We live in an Islamophobic world, where Muslim people are constantly under attack, and must prove their innocence when they’ve not even committed a crime. We also live in a world of rigid gender roles and gender violence, where women, gender non-conforming and trans people are victims of violence, and have their gender expressions, freedoms, and desires policed. There’s pressure from both Muslims and non-Muslims to fit into severe stereotypes of Muslim identity and the ways in which it is acceptable to be Muslim. The BreakBeat Poets Vol. 3: Halal If You Hear Me is a celebration of intersectional identity that dispels the notion that there is one correct way to be a Muslim, particularly for women, gender non-conforming, and trans people. In holding space for multiple intersecting identities, the anthology celebrates and protects those identities.
In the underground labyrinths of New York City's subway system, beneath the third rail of a long forgotten line, Saul Williams discovered scrolls of aged yellowish-brown paper rolled tightly into a can of spray paint. His quest to decipher this mystical ancient text resulted in a primal understanding of the power hip-hop has to teach us about ourselves and the universe around us. Now, for the first time, Saul Williams shares with the world the wonder revealed to him by the Dead Emcee Scrolls. I have paraded as a poet for years now. In the proc ess of parading I may have actually become one, but that's another story, another book. This book is a book that I have been waiting to finish since 1995. This is the book that finished me. The story I am about to tell may sound fantastic. It may anger some of you who have followed my work. You may feel that you have come to know me over the years, and in some cases you have, but in others...well, this is a confession.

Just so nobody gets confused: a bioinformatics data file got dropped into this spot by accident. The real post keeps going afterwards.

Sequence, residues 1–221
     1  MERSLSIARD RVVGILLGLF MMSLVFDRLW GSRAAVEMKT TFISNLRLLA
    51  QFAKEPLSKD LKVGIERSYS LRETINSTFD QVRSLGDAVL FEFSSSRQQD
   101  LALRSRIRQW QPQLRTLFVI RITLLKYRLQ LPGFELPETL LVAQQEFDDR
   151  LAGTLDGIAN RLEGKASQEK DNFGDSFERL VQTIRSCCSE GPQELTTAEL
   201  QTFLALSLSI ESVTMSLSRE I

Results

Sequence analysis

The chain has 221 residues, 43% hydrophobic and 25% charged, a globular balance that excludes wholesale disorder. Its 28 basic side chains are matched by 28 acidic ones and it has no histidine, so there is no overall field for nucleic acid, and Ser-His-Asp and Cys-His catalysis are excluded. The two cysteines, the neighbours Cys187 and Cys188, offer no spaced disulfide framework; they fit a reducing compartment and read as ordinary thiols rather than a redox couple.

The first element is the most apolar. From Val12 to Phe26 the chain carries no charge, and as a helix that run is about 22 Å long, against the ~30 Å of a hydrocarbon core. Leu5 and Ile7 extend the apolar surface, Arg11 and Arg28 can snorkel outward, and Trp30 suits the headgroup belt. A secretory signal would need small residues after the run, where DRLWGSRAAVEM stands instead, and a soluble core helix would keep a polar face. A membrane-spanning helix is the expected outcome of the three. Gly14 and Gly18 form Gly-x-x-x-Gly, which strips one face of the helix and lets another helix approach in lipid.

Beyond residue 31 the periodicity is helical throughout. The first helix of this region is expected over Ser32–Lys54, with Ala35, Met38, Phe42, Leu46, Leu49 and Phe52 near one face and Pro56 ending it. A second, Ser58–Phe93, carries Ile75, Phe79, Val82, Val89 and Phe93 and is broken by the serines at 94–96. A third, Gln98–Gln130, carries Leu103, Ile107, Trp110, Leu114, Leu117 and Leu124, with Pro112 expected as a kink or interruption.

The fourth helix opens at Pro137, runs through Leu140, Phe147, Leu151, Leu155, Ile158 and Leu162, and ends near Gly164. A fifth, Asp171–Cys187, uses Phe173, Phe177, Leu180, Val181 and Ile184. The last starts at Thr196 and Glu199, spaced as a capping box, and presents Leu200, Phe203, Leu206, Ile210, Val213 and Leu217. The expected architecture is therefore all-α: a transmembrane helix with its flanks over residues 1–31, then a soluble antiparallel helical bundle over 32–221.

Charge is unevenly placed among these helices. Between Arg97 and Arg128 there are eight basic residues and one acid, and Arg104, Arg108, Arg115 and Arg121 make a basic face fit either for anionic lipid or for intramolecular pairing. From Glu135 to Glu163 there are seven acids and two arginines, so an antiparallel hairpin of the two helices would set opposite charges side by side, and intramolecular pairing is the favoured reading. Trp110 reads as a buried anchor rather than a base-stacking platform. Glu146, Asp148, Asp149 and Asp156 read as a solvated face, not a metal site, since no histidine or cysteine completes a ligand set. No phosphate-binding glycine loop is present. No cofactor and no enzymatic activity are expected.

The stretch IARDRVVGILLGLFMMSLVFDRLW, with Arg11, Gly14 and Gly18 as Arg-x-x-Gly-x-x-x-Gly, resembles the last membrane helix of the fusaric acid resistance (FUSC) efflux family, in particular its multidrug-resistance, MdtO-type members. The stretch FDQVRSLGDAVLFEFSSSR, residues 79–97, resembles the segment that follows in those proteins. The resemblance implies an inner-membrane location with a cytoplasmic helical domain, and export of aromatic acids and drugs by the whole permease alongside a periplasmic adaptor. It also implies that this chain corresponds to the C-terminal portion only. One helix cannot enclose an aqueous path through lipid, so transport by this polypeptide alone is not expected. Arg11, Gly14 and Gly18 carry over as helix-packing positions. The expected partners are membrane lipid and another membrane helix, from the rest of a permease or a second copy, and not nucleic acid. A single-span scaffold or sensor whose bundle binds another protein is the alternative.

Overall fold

The bands, producers, labels and remixers of the diverse dance music culture are listed here in this reference book. Dates, career facts, discographies and star ratings are given, along with considered opinion on the prime movers and shakers in the business.
These volumes replace the 1933 Supplement to the OED. The vocabulary treated is that which came into use during the publication of the successive sections of the main Dictionary -- that is, between 1884, when the first fascicle of the letter A was published, and 1928, when the final section of the Dictionary appeared -- together with accessions to the English language in Britain and abroad from 1928 to the present day. Nearly all the material in the 1933 Supplement has been retained here, though in revised form (Preface).